In essence, Twitter has actually managed to pull apart the "social" and "media" aspects of social media. For the elite, Twitter is Media - a tool they can broadcast to the masses. For the rest of us, it's a place where we can fight over the attention scraps they leave us. It's a vision of social pretty much defined by the sorts of arguments that happen in pubs on a hot Friday night in June.

It's all a bit Gladiator, isn't it?

Gladiators fight for your entertainment

Are you not entertained?

Well, not especially, no.

Escaping the Twitter Coliseum

Felix Salmon outlined the two biggest solutions:

In its search for popularity and reach, Twitter has created something terrible, and it is now faced with just two choices. Option A would be to roll back the inequality machine by removing public follower counts, retweet counts, and all the other numbers that have turned the service into an increasingly dark game. Option B is to continue to encourage the 99.9 percent to play that game, but to crack down hard on the 0.1 percent who make it so unpleasant for so many. That crackdown would have to target not just the trolls but also their leaders: anybody who, deliberately or otherwise, causes troll armies to be mobilized against Twitter’s weakest denizens.

While there are some signs that the latter is happening, for many, especially those in the public eye but not big enough to be "safe", it's too little, too late. The New York Times's Maggie Haberman has pulled back from Twitter:

The evening before, I had complained to a close friend that I hated being on Twitter. It was distorting discourse, I said. I couldn’t turn off the noise. She asked what was the worst that could happen if I stepped away from it.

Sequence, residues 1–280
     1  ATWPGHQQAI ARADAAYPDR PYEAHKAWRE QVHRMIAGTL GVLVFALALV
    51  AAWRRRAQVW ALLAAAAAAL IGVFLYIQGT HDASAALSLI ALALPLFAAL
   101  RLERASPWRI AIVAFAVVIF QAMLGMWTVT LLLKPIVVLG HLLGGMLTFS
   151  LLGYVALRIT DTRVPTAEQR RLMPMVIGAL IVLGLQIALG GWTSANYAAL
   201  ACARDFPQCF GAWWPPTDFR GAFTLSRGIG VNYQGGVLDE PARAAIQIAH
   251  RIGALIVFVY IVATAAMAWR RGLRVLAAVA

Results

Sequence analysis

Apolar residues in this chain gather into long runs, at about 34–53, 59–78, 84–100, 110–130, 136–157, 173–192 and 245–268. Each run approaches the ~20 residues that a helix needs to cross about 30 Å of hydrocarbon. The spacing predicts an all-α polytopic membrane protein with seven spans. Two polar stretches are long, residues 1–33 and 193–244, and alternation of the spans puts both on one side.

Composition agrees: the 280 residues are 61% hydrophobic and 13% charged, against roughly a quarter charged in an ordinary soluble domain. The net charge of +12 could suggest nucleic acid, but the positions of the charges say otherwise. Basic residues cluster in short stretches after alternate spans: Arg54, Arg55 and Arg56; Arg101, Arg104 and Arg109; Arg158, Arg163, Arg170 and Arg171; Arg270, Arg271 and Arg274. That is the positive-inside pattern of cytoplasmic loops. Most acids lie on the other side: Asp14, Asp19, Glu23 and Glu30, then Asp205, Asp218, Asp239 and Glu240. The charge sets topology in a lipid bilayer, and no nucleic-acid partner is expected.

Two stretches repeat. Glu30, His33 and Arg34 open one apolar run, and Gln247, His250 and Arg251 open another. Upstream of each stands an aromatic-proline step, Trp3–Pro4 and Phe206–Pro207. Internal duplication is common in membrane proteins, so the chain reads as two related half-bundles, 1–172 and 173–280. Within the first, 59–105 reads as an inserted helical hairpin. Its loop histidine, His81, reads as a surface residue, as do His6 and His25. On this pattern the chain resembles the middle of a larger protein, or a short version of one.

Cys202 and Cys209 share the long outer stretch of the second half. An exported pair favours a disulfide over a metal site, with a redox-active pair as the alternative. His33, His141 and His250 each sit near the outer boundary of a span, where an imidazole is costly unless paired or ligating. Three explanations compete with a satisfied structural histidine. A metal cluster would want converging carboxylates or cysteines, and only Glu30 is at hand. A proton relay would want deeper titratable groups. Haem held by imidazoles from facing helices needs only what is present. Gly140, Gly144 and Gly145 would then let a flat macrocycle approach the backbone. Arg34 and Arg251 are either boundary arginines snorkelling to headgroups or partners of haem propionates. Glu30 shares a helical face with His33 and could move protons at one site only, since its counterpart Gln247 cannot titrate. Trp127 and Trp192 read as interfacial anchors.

There was nothing I could think of. And so just after 6 p.m. last Sunday, I did.

She's not alone. At least one other journalist friend has actually suspended their account in recent weeks, and others are ghosting Twitter instead - still notionally there, but not really using it. I'm certainly one of those.

This is bad news for Twitter. The inverse of the network effect kicks in — the more people who are considered, interesting and engaging on Twitter leave, the more you hand it over to the trolls and the loudest shouters. The problems with the network become the network, and then Twitter is doomed to be that way forever more.

A crunch is coming.

The doom of Twitter

Perhaps, this is what Twitter is doomed to become: a place where the great and good from other media and fields come to tell us what they think, and where we fight for their amusement. Perhaps there's a role for that. But somehow, that feels like a terrible betrayal of what Twitter could have been — a place to develop an ambient awareness of what was cool, interesting and engaging around people you're interested in.

And if that's still valuable — and I think it is — then where should we go for it instead?

X (Twitter)eliteSocial Mediasocietysocial networks

Adam Tinworth Twitter

Adam is a lecturer, trainer and writer. He's been a blogger for over 20 years, and a journalist for more than 30. He lectures on audience strategy and engagement at City, University of London.